Weight loss is given insufficient priority in the management of heart patients despite the benefits, according to a new study published in European Heart Journal.
The research studied more than 10,000 heart patients and found that less than 20% had a healthy body mass index (BMI) at the time of hospitalisation for a heart event.
When the health of the patients was investigated 16 months later, the researchers found that 86% of patients who were obese during hospitalisation were still obese while 14% of overweight patients had become obese. Young women were particularly affected, with nearly half of those under the age of 55 being obese.
Yet, more than a third of obese patients said they had not received advice on physical activity or nutrition and nearly one in five said they had not been informed that they were overweight.
This struck the researchers as surprising considering weight loss is strongly recommended in overweight and obese patients with coronary heart disease as it improves blood pressure and lipids levels and reduces the risk of type 2 diabetes, thereby lowering the likelihood of another heart event.
"It seems that obesity is not considered by physicians as a serious medical problem"
"It seems that obesity is not considered by physicians as a serious medical problem, which requires attention, recommendations and obvious advice on personal weight targets," said the authors.
For patients who lost 5% or more of their body weight, the researchers saw significantly lower levels of hypertension, dyslipidaemia, and previously unrecognised diabetes compared to those who gained 5% or more of their body weight. They also reported higher levels of physical and emotional quality of life.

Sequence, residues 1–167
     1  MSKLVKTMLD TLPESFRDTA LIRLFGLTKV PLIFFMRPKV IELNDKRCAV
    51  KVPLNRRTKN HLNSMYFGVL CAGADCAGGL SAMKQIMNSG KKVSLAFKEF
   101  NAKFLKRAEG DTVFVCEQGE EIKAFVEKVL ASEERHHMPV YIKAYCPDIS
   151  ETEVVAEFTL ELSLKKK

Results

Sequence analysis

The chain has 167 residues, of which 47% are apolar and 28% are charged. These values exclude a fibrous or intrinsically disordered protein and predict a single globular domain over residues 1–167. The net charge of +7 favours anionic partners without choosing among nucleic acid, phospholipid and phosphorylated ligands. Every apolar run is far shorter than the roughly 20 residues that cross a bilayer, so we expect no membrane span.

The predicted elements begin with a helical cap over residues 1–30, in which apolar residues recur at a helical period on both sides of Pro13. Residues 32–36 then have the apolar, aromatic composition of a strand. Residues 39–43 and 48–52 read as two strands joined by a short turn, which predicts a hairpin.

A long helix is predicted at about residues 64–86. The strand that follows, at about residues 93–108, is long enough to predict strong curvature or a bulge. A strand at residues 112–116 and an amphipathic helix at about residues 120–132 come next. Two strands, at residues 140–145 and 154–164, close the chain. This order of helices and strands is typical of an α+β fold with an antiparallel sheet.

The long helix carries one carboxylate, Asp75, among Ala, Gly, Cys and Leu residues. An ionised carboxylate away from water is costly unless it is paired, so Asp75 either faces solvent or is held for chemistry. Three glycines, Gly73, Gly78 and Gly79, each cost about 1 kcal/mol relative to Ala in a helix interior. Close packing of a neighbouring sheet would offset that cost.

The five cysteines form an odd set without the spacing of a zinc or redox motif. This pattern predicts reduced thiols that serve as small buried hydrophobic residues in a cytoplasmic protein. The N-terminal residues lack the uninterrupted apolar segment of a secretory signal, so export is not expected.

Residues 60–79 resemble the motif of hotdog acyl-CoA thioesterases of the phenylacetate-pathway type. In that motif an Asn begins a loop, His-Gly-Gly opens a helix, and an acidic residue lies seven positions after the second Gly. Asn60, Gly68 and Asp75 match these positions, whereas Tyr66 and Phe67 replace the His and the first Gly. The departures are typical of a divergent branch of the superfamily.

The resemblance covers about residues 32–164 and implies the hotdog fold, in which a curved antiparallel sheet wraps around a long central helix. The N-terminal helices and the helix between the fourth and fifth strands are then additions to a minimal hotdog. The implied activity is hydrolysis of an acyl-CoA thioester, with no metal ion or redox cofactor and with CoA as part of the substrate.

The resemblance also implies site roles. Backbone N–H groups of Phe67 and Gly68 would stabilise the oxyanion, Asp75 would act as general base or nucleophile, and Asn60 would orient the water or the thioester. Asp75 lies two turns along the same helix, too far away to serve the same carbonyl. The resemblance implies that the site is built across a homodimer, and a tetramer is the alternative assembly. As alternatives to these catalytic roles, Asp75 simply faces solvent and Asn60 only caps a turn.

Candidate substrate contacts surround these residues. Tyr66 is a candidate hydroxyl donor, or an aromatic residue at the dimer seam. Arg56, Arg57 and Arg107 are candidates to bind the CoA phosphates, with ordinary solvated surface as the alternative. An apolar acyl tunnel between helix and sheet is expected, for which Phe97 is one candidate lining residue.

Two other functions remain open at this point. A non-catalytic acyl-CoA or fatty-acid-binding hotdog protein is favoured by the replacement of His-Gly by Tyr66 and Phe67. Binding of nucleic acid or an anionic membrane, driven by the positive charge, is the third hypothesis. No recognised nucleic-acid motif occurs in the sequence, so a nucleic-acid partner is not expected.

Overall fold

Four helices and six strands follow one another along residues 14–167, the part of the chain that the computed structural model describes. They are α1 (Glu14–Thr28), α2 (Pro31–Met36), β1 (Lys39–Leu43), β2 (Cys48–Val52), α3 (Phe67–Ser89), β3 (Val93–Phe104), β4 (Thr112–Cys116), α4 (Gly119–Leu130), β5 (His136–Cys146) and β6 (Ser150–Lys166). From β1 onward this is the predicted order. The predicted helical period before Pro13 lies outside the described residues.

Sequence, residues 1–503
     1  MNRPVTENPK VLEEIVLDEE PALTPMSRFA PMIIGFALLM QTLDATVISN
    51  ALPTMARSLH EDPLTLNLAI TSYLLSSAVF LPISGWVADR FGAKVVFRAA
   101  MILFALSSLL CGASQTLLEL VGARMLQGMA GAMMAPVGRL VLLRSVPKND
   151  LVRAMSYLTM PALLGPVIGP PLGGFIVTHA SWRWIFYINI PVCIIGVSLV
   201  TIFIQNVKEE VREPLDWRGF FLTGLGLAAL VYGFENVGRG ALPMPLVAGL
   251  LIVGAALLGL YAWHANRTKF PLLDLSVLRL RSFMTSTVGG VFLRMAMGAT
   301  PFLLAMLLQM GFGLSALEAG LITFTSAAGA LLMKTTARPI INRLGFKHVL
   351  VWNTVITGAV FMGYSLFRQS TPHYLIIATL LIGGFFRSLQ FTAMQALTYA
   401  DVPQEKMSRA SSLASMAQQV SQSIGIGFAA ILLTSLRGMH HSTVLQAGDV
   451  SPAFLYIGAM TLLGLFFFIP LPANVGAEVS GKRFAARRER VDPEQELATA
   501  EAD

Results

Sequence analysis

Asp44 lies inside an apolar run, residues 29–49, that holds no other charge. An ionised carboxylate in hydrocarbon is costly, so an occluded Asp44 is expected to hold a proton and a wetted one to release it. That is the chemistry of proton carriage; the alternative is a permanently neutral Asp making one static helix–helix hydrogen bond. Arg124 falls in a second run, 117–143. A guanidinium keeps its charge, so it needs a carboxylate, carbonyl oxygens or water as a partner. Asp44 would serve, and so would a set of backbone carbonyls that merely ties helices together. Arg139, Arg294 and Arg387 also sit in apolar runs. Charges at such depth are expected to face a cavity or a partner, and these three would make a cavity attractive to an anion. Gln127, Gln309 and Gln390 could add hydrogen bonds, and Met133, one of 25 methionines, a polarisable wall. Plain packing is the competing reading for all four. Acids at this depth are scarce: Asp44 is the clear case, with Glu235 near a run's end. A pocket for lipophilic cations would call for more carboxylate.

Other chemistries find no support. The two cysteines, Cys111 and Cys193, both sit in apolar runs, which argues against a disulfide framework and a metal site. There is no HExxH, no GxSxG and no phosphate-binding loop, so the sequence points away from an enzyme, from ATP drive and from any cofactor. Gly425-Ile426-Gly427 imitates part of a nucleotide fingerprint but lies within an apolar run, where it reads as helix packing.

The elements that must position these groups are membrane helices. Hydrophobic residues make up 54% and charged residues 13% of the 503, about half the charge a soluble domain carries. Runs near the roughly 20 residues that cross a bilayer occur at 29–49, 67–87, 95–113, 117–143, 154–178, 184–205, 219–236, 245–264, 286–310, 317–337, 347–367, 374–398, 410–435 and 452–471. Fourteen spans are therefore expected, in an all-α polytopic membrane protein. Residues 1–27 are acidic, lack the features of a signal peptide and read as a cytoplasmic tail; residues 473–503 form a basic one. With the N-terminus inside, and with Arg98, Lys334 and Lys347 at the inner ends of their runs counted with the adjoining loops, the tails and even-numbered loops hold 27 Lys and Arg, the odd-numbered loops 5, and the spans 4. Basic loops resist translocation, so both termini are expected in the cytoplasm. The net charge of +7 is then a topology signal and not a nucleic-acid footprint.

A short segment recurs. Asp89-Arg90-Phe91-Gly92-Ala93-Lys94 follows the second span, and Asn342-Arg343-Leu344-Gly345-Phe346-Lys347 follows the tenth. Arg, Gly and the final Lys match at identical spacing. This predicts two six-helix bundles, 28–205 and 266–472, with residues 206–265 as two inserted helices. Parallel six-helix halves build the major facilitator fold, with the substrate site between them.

As for advice, half of all patients were advised to follow a cardiac prevention and rehabilitation programme, with no difference in advice according to their weight status. For obese patients, less than two-thirds were advised to follow dietary recommendations (63.7%) or to do regular physical activity (64.2%).
Positive associations were found between lifestyle improvements and weight loss in obese or overweight patients. Compared to those who gained 5% or more of their body weight, those who lost at least 5% of their body weight had more frequently reduced fat and sugar intake, increased consumption of fruit, vegetables, and fish, done regular physical activity, attended a cardiac rehabilitation and prevention programme and followed dietary advice from a health professional.
The researchers also note that weight gain was significantly associated with smoking cessation. In patients who were overweight or obese at hospitalisation, those who quit smoking gained 1.8 kg on average in contrast to the 0.4 kg average weight gain observed in persistent smokers.
Less than half of patients across Europe report completing cardiac rehabilitation programmes
An author of the study, Professor Catriona Jennings of the National University of Ireland, said cardiac rehabilitation programmes, which typically emphasise exercise, should give equal priority to dietary management. She said: “Weight loss is best achieved by adopting healthy eating patterns and increasing levels of physical activity and exercise. Whilst actively trying to lose weight at the same time as trying to quit smoking is not advised, adopting a cardio-protective diet and becoming more physically active has the potential to mitigate the effects of smoking cessation on weight gain in patients trying to quit. Their aim is to maintain their weight and to avoid gaining even more weight following their quit.
"Uptake and access to cardiac rehabilitation programmes is poor with less than half of patients across Europe reporting that they completed a programme,” added Professor Jennings. “Such programmes would provide a good opportunity to support patients in addressing overweight and obesity, especially for female patients who were found to have the biggest problem with overweight and obesity in the study. Uptake and access could be improved with the use of digital technology, especially for women, who possibly are less likely to attend a programme because they have many other competing priorities, such as caring for others. There are good reasons for people to address their weight after a cardiac event. – but it’s not easy and they do need help."